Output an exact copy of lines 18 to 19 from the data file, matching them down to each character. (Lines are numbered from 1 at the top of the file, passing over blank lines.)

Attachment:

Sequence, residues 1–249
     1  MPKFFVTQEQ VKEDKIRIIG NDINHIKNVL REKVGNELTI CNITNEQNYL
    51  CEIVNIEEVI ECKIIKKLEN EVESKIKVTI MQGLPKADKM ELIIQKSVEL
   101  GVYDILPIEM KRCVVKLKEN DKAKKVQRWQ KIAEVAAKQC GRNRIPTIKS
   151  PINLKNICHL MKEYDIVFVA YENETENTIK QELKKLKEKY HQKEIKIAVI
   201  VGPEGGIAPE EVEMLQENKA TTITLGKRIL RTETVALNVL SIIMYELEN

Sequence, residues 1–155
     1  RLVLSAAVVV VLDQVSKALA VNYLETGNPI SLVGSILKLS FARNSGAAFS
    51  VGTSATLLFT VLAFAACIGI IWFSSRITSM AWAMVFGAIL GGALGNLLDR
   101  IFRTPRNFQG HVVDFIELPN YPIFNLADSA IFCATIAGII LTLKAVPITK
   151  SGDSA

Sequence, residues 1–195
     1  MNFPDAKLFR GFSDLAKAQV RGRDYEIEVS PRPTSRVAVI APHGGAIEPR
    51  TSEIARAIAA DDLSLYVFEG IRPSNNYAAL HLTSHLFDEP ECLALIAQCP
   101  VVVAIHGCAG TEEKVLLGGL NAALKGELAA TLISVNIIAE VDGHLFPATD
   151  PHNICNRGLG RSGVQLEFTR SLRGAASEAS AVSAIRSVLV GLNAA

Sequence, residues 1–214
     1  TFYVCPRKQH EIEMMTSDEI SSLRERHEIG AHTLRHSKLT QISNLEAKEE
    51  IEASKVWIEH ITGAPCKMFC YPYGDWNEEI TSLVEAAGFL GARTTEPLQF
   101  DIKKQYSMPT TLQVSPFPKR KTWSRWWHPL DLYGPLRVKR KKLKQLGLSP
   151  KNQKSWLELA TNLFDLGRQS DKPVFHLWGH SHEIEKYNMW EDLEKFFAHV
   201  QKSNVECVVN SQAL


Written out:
     1  TFYVCPRKQH EIEMMTSDEI SSLRERHEIG AHTLRHSKLT QISNLEAKEE
    51  IEASKVWIEH ITGAPCKMFC YPYGDWNEEI TSLVEAAGFL GARTTEPLQF